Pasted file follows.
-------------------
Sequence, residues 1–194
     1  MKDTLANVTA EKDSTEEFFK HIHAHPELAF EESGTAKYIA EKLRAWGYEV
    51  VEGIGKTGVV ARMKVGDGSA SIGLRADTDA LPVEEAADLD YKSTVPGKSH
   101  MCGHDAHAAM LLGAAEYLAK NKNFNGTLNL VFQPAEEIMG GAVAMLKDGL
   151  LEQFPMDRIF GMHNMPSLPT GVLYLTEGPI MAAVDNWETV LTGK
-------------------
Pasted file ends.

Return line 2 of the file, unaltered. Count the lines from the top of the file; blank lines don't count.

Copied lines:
     1  MKDTLANVTA EKDSTEEFFK HIHAHPELAF EESGTAKYIA EKLRAWGYEV